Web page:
A “backtest” is a model, or simulation, of how a symphony may have performed in the past based-on historical data. There are some important assumptions to understand and consider when using backtests in Composer. Below, we outline these assumptions and key differences between backtesting and live trading symphonies.
- All backtest statistics are hypothetical and have been designed with the benefit of hindsight.
- Backtests do not take into account the actual costs that may result from live trading of the symphony.
- Past performance is not a reliable indicator of future performance.
- All backtests are estimations of how the model will perform over time, in certain market environments, and are not an indicator or recommendation of any individual trading decisions either in the past or the future.
To simulate past decisions and calculate return statistics, backtests use daily adjusted closing prices of assets making up the symphony over the backtest period. Adjusted closing prices reflect a security’s closing price adjusted for any corporate actions, such as stock splits or dividends. As such, these prices don’t represent real quotes from any point during the trading day.
When a symphony is traded live, trading decisions are made during the trading period using realtime data, which represent real quotes on the market. For this reason, as well as others below, actions chosen in a backtest and the assets selected should not be directly compared against those made by live trading symphonies.
Time of day
The symphony trading period runs from 3 to 4pm eastern on days the market is open. If there is significant market volatility near the end of the day–after the start of the trading period–symphony decisions made during the trading period may be different than those that would be made if using the day’s closing prices.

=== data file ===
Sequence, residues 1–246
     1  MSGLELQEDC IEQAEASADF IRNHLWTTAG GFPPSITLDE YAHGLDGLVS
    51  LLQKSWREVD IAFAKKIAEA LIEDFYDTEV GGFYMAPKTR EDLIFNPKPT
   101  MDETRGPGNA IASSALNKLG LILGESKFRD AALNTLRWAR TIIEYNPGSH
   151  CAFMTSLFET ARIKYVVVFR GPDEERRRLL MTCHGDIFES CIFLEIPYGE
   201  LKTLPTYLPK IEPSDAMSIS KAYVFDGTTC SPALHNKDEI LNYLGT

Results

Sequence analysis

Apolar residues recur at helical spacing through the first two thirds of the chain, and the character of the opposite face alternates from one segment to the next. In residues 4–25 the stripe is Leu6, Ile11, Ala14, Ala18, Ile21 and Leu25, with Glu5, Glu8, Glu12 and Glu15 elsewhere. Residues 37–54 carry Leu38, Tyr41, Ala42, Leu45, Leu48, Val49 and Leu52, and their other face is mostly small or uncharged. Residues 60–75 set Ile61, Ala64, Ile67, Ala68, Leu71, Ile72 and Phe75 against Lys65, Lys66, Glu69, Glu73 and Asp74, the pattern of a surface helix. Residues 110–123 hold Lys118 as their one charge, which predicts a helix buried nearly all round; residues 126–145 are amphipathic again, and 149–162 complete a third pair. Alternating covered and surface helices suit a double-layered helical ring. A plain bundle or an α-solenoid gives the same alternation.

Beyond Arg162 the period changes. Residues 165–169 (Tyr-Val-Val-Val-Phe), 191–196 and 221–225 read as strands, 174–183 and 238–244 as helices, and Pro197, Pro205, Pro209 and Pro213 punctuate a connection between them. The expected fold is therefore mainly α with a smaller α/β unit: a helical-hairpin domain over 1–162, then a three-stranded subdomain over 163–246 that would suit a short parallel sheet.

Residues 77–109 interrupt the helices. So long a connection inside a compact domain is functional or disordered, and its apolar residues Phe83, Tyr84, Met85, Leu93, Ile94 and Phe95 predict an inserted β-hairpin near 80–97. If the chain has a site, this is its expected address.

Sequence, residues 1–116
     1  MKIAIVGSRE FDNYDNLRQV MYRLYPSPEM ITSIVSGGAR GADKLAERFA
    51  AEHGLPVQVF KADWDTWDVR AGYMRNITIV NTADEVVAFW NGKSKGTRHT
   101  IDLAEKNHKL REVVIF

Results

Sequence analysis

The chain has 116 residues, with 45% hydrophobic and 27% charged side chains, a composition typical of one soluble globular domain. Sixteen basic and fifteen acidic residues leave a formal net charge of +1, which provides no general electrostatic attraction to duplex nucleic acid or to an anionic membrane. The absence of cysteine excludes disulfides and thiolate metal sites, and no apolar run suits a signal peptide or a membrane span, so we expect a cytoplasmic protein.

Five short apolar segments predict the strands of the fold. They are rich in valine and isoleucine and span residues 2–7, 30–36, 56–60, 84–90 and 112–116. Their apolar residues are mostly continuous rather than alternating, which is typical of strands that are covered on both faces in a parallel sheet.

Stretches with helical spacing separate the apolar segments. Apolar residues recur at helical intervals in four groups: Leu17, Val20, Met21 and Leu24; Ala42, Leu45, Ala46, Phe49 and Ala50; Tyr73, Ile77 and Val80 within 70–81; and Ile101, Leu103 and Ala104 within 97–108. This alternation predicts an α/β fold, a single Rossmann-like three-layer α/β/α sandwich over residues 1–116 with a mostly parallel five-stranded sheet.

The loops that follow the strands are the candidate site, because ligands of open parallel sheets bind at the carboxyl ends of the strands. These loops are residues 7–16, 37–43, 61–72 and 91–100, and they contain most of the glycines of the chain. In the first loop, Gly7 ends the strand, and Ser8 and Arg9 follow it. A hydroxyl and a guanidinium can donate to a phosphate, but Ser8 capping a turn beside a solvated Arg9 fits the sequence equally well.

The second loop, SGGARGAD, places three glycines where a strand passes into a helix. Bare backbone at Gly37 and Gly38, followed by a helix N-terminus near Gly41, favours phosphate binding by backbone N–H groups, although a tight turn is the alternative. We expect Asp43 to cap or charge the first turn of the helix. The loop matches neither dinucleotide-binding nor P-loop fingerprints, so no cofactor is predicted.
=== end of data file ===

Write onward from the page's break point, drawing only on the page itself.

If volatility is high during the trading period, decisions made by different instances of the same symphony may also vary due to differences in quotes received at the precise time that each symphony is executed.
Backtests assume that all dividends and distributions received from symphony assets are reinvested.
For live trading symphonies, dividends and distributions received from symphony assets are currently not automatically reinvested. Instead, these distributions are added to the cash balance of a user’s account, and can be reinvested manually by adding a new investment to the symphony.
Slippage and fees
Backtests account for simulated slippage and fees.
The model simulates slippage of 0.05% per transaction over the course of the backtest. When trading a symphony, actual slippage can be higher or lower than this assumption. For low-volume tickers, slippage can sometimes be higher, while high-volume tickers generally have more liquidity and won’t execute with much, if any, slippage.
The model also accounts for hypothetical regulatory fees on sales from the US Securities & Exchange Commission (SEC) and Financial Industry Regulatory Authority (FINRA). These are the same types of fees that are charged on sales of assets in live-trading symphonies. Composer does not benefit from these fees, and all proceeds go directly to the SEC and FINRA.
From our brokerage partner, Alpaca, the fees applied to the backtest and in live trading are as follows:
- SEC: $5.10 per $1,000,000 of principal (sells only) - this fee is rounded up to the nearest penny on each fill or partial-fill.
- FINRA Trading Activity Fee (TAF): $.000119 per share (sells only) - this fee is rounded up to the nearest penny on each fill or partial fill and will be no greater than $5.95.
Backtests on other trading platforms
Backtests on other platforms may make different assumptions than those used to create backtests in Composer. We encourage users to understand the full details and assumptions of backtests before making any comparisons.